“New green belt housing applications push total to a record 460,000”

“Applications to build an additional 35,000 homes on green belt land were submitted last year, taking the total number proposed for construction on protected land to a record 460,000.

New data from the Campaign to Protect Rural England (CPRE) released on Monday showed that more than 24,000 homes were constructed in the UK’s green belts in the past nine years. Its State of the Green Belt 2018 report reveals that the number of finished homes constructed on the protected areas almost doubled last year to about 8,000.

The government has pledged to protect green belt land but housing campaigners believe much more controlled land could be released to build badly needed affordable new homes.

Most of the construction to date has been on brownfield sites within the green belt, but the data suggests that the vast majority of homes constructed on greenfield green belt land is in higher price brackets unattainable to most buyers. Only 27% of homes built or approved on greenfield land since 2009 fitted the government’s definition of affordable housing. …”

https://www.theguardian.com/environment/2018/aug/06/new-green-belt-housing-applications-push-total-to-a-record-460000

The Times: “The ruinous planning policy MPs don’t want you to know about”

If The Times is worried, everyone should be worried!

“To save you the eye strain, or possibly to sublimate some Freudian desire for self-flagellation, I have waded through all 73 pages of the government’s National Planning Policy Framework (NPPF). Slipped out last week under cover of Brexit, the document that will shape the look of England for years to come was duly awarded minimal coverage by the press.

I partly blame its clunky title. If the NPPF were called “Why a ghastly housing estate will soon be built just outside your favourite village” it would get a lot more attention. Still, at least the name of the minister responsible for it — the housing and communities secretary, James Brokenshire — has an ominous ring.

The trouble with having a “national plan” for anything, as Russia found in the 1930s, is that what seem like good ideas to centralised bureaucrats tend to collide with overlooked local realities to produce unforeseen catastrophes. I fear that’s the case with the NPPF, particularly since it covers everything from new housing and the future of town centres to protecting the environment, dealing with floods, promoting sustainable transport, rolling out broadband and preserving historic buildings.

Take its emphasis on “good design”. On paper, that’s admirable. Theoretically it gives local councils the power to reject those soulless estates of identical, boxy homes beloved of the big developers. The aim is to ensure that all new developments excite the eye, please their residents and enhance their environments as much as, say, Ralph Erskine’s celebrated Byker Wall in Newcastle. That would be a fine aspiration if local councils had the experts, time, resources and money to match what any big housing developer can deploy in a planning battle.

Unfortunately, thanks to central government’s ruinous cuts to their budgets, they don’t. Some, such as almost bankrupt Northamptonshire, can hardly run their bin collections let alone turn themselves into architectural watchdogs. For every Byker Wall built in the future, there are still likely to be a hundred soulless “off-the-peg” estates nodded through by councillors too helpless to resist.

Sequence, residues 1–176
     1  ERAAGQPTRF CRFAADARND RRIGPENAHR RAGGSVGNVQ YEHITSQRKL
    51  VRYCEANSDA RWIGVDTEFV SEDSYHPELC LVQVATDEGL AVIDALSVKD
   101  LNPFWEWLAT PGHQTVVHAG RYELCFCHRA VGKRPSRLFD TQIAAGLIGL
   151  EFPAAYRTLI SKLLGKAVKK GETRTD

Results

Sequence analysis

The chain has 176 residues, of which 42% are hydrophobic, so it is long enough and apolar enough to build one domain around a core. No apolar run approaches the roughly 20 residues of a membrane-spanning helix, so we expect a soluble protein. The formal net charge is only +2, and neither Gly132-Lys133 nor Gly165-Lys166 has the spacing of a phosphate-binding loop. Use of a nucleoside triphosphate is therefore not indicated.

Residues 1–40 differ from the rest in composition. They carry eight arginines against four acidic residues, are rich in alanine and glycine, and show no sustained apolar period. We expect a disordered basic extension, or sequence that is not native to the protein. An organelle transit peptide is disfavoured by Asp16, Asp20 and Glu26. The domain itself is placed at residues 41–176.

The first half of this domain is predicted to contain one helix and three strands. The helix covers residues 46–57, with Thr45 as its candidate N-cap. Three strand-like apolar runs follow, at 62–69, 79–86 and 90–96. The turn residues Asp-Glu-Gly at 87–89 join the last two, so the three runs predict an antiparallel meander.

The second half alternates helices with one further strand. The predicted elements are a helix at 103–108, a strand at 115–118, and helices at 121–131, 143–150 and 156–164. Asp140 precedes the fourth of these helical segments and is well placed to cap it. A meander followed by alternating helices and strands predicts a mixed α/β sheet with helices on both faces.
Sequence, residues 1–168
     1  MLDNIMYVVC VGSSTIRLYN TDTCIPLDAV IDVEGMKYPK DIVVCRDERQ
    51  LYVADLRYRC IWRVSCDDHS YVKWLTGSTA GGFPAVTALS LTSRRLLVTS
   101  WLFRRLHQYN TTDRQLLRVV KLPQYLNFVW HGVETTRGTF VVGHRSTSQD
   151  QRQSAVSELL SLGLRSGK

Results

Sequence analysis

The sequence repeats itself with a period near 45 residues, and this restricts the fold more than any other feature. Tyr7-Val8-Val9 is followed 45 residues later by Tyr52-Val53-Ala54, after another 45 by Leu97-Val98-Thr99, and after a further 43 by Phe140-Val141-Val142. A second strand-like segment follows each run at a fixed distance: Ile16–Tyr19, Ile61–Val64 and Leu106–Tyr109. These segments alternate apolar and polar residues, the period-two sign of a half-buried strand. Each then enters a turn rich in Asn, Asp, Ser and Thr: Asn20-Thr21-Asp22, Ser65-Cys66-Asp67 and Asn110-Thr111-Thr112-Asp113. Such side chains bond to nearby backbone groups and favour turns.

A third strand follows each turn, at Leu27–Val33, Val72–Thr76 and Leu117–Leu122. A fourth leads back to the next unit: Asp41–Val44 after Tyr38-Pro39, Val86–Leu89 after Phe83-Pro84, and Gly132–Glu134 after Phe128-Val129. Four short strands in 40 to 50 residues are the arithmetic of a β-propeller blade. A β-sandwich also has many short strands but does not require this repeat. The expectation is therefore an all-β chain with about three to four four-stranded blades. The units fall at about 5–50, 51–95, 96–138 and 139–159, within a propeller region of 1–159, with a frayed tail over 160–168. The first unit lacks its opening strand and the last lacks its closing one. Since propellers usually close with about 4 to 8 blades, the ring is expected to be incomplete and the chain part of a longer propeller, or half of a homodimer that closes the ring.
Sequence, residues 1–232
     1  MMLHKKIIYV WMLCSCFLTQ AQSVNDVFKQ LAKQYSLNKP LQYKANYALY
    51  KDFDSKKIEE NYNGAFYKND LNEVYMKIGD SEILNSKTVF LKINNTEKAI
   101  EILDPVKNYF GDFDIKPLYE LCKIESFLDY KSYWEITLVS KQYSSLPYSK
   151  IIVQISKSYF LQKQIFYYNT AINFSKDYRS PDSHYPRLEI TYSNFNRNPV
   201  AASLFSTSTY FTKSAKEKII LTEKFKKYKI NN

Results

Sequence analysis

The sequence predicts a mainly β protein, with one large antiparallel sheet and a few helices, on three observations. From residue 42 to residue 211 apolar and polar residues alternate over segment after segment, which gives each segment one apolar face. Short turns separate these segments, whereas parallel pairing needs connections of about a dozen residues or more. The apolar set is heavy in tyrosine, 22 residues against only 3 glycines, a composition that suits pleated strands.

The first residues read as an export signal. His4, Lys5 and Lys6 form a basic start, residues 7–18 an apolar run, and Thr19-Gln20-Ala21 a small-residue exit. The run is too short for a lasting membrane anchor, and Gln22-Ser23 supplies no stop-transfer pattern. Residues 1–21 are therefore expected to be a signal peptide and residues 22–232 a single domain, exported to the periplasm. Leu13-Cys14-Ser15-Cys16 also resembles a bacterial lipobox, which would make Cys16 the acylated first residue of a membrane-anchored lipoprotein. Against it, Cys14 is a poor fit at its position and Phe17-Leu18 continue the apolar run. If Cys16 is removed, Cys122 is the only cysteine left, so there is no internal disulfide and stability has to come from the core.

And there’s a new threat. From November local authorities will have to comply with a “housing delivery test”. It will penalise those that fail to conjure up an agreed number of new homes in their area. Again the intentions are good: to bridge the enormous gap between the number of new homes given planning permission by councils and the number actually built by the developers. Councils will have to police much more thoroughly the progress of approved building applications — another strain on their scant resources.

The real worry, though, is that councils will panic because they aren’t meeting the set targets and will nod through schemes of scant architectural and social merit, repeating the appalling mistakes made in the 1950s and 1960s. No wonder that the Campaign to Protect Rural England has called the combined effect of the new planning rulebook and the housing delivery test “a speculative developers’ charter” that will result in councils and communities having “little control over the location and type of developments that take place”.

On town centres too, the NPPF seems to be living in a bygone age. The big problem in the next ten years won’t be banning ugly shopfronts or propping up small independent butchers and bookshops, or even halting the march of out-of-town shopping malls. It will be ensuring that there are any shops left, as the relentless shift to online retail gathers pace. As town centres fast become boarded-up wastelands, local authorities need the power (and the money) to make much more imaginative interventions. Yet the NPPF has nothing to say about this.

I find its paragraphs about protecting England’s green belts a bit weaselly too. These sacrosanct meadows are apparently safe from development except where local authorities have “exhausted all other reasonable options”. OK, but who decides what “exhausted” and “reasonable” mean? And there’s another glaring loophole. When it comes to brownfield sites inside green belt areas, it’s apparently a free-for-all.